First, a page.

A draft proposed European regulation on artificial intelligence (AI) (Regulation) was released on 21 April 2021, following the European Commission’s white paper “On Artificial Intelligence – A European approach to excellence and trust”, published in February 2020. The Regulation shows that the European Union is seeking to establish a legal framework for AI by laying down harmonised rules on AI and a coordinated plan with EU member states to strengthen AI uptake and innovation across the EU, whilst guaranteeing EU citizens’ rights and safety.
The Regulation applies to AI systems placed or put into service in the EU (irrespective of the location of the provider), users of AI systems located in the EU, and providers and users of AI systems located outside the EU if the output is used in the EU.
‘Artificial intelligence systems’ (AI systems) are defined in the Regulation as “software that is developed with one or more of the [specified] techniques and approaches and can, for a given set of human-defined objectives, generate outputs such as content, predictions, recommendations, or decisions influencing the environments they interact with”. Unlike the General Data Protection Regulation (GDPR), which is the piece of EU legislation that comes closest to regulating AI, the Regulation is broader and covers more than just the processing of personal data.
The rules in the Regulation, which will invariably affect EU citizens, try to take a ‘human-centric’ and risk-based approach. They try to ensure that EU citizens can trust AI offerings, as demonstrated by the comment in the European Commission’s press release accompanying the Regulation: “On artificial intelligence, trust is a must, not a nice-to-have.”
Prohibited AI practices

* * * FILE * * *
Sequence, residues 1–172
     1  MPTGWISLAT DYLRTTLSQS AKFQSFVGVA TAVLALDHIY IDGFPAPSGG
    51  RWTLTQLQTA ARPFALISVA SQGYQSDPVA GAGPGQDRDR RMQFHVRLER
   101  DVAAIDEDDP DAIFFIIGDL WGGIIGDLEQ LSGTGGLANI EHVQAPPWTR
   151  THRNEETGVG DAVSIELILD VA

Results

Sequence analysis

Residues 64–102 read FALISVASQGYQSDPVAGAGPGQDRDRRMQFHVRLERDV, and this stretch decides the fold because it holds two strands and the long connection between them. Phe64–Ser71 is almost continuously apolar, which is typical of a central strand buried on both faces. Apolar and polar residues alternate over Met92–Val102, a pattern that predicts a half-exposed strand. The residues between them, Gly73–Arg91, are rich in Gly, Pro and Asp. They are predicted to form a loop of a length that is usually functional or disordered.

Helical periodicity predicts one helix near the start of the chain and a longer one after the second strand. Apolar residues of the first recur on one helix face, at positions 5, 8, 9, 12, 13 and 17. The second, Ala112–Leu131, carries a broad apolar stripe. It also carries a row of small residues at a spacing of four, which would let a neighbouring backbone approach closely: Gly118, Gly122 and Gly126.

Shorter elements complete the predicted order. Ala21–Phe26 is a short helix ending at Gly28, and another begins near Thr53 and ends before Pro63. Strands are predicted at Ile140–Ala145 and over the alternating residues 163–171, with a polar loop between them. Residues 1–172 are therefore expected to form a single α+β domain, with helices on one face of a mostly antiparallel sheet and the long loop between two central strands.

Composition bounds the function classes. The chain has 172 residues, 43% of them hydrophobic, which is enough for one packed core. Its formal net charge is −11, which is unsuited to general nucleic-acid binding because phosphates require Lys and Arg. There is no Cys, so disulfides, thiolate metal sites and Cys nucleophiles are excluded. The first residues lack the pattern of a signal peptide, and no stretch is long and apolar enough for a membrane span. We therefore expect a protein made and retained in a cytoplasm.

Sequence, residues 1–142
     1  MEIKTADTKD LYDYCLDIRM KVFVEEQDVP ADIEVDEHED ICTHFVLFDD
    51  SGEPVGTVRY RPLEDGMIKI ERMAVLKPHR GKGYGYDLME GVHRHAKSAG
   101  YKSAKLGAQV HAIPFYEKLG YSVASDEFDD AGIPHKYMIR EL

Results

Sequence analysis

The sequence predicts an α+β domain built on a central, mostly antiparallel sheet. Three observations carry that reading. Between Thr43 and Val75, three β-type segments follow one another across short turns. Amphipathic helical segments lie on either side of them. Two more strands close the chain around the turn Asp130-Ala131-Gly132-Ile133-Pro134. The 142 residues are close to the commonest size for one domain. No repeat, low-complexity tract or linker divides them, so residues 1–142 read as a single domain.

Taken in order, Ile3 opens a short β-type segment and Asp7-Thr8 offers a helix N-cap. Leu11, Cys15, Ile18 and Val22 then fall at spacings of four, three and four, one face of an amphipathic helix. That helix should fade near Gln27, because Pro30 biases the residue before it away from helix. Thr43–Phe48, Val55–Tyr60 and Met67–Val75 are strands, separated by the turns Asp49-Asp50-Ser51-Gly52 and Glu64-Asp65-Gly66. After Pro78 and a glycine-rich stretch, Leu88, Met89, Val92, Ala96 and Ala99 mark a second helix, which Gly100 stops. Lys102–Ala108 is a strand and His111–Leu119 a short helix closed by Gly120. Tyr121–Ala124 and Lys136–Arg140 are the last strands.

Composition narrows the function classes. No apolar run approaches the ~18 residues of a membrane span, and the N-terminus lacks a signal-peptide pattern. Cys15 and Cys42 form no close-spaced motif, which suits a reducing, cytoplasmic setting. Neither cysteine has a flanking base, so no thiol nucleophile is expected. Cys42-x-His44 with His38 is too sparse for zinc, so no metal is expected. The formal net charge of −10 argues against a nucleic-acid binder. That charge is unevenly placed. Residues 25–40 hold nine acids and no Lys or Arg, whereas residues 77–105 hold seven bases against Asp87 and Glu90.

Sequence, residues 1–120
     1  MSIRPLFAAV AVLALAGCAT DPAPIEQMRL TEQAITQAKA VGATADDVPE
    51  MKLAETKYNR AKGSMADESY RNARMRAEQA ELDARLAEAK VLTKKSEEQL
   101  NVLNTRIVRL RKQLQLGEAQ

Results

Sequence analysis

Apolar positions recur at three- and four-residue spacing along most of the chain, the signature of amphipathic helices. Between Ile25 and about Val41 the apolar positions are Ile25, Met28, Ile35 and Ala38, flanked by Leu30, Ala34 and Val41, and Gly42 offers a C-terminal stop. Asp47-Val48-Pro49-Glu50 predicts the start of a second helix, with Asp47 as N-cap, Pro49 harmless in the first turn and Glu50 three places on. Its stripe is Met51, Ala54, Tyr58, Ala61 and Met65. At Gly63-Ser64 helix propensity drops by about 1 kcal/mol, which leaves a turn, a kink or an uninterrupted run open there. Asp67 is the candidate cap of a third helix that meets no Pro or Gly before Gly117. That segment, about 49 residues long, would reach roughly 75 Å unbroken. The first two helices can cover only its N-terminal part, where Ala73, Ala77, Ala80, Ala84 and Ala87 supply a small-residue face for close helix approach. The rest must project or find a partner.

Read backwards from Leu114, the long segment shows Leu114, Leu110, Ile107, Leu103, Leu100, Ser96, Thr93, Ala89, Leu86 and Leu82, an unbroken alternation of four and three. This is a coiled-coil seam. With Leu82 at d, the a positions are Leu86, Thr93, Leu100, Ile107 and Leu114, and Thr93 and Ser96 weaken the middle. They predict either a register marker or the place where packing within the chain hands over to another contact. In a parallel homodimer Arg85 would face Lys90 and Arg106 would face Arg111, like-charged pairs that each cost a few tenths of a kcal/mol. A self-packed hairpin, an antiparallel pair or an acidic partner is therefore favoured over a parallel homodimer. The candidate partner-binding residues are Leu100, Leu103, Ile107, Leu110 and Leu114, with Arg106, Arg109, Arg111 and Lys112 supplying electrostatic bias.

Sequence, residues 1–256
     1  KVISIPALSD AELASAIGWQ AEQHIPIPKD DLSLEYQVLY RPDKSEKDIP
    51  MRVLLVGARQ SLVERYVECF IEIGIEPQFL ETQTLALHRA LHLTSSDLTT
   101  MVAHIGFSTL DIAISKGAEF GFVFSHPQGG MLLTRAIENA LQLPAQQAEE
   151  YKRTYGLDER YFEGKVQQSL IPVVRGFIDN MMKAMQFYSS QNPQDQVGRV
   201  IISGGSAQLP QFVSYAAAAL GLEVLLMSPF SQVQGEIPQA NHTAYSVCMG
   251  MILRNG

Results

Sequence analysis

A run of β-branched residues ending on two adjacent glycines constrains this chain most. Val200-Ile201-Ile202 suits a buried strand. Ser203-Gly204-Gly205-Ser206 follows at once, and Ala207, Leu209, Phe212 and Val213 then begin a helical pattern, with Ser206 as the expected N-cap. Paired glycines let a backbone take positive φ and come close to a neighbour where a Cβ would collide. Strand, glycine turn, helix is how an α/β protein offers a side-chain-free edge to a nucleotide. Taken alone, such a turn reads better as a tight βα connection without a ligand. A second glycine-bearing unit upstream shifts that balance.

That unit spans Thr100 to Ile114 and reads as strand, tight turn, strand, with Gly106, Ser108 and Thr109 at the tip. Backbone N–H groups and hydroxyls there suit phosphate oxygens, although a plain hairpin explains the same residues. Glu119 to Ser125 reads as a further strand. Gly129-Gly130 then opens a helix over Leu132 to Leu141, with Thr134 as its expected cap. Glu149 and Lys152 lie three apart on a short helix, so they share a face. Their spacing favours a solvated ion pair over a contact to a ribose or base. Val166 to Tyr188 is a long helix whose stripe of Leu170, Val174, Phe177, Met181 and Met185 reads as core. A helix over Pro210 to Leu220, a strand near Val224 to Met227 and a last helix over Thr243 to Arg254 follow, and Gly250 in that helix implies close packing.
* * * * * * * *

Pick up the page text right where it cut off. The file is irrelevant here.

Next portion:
AI systems will be prohibited if they are considered a clear threat to the safety, livelihoods and rights of individuals and violate the EU’s values and fundamental rights. This includes AI systems that:
(i) deploy subliminal techniques in order to materially distort a person’s behaviour;
(ii) exploit any of the vulnerabilities of a specific group of individuals due to their age, or physical or mental disability, in order to materially distort the behaviour of a person pertaining to that group; and
(iii) are used by public authorities for ‘social scoring’ – specifically, using AI systems for the evaluation or classification of the trustworthiness of individuals based on their social behaviour or known or predicted personal or personality characteristics, if the social score leads to detrimental or unfavourable treatment.
Moreover, the use of real-time remote biometric identification systems (such as facial recognition) in public spaces for law enforcement purposes is prohibited. However, there are some narrow exceptions to this prohibition, which are clearly set out in the Regulation, such as where it is strictly necessary to search for a missing child or to prevent a specific and imminent terrorist threat. Such use of these exceptions must be authorised by a judicial or independent body to ensure there are appropriate safeguards.
A breach of the prohibited AI practices is subject to an administrative fine of up to €30 million or 6 per cent of the infringer’s global annual turnover in the previous financial year, whichever is higher, which is significantly higher than the current penalty under the GDPR.
Obligations in relation to high-risk AI systems
These types of AI systems are not prohibited, but their classification as ‘high-risk’ will result in AI providers and users being subject to additional and specific obligations (as detailed below). The risk posed by an AI system is assessed on the basis of not only the function performed, but also its intended purpose and the manner in which it is used. It is considered high risk where it poses a high risk of harm to the health and safety, or fundamental rights, of individuals, taking into account both the severity of the possible harm and the likelihood of its occurrence. High-risk AI systems give rise to a number of obligations, including implementing a risk management system, eliminating or reducing risks through design and development, mitigation measures, training and testing.
Examples of high-risk AI systems identified in the Regulation include the use of AI in: